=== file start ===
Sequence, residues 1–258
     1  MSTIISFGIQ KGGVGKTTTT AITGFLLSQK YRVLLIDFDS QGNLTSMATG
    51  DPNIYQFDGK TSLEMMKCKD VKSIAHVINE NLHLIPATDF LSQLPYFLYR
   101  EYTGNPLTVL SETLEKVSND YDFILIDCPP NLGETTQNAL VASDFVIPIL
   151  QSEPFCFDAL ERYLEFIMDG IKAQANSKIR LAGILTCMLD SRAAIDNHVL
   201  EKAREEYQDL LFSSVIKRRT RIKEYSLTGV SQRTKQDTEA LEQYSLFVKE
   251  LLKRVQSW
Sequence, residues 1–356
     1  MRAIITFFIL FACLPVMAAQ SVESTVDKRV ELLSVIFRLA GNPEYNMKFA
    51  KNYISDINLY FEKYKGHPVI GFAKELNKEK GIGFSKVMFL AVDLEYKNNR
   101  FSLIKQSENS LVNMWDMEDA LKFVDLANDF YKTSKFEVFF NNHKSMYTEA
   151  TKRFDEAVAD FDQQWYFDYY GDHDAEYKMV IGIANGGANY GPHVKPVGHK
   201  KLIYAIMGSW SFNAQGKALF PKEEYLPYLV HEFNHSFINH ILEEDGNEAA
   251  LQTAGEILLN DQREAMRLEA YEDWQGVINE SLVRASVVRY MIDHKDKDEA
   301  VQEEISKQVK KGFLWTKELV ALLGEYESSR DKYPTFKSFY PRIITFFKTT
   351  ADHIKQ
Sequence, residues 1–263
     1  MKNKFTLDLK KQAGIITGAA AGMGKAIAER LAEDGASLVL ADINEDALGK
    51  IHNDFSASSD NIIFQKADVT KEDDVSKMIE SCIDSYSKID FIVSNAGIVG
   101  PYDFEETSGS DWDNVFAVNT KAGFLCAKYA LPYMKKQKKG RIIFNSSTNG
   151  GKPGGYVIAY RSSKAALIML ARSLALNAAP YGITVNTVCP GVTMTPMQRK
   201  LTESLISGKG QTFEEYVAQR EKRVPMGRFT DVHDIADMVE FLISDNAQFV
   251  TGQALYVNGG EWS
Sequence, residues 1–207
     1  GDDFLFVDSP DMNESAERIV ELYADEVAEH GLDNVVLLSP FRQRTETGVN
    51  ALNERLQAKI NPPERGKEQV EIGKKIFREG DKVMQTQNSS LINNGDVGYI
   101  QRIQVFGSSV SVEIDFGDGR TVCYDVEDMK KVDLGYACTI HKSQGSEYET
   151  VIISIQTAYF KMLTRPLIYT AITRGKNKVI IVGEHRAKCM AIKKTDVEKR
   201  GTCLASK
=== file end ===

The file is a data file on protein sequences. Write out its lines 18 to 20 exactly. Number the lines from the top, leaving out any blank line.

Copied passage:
     1  MKNKFTLDLK KQAGIITGAA AGMGKAIAER LAEDGASLVL ADINEDALGK
    51  IHNDFSASSD NIIFQKADVT KEDDVSKMIE SCIDSYSKID FIVSNAGIVG
   101  PYDFEETSGS DWDNVFAVNT KAGFLCAKYA LPYMKKQKKG RIIFNSSTNG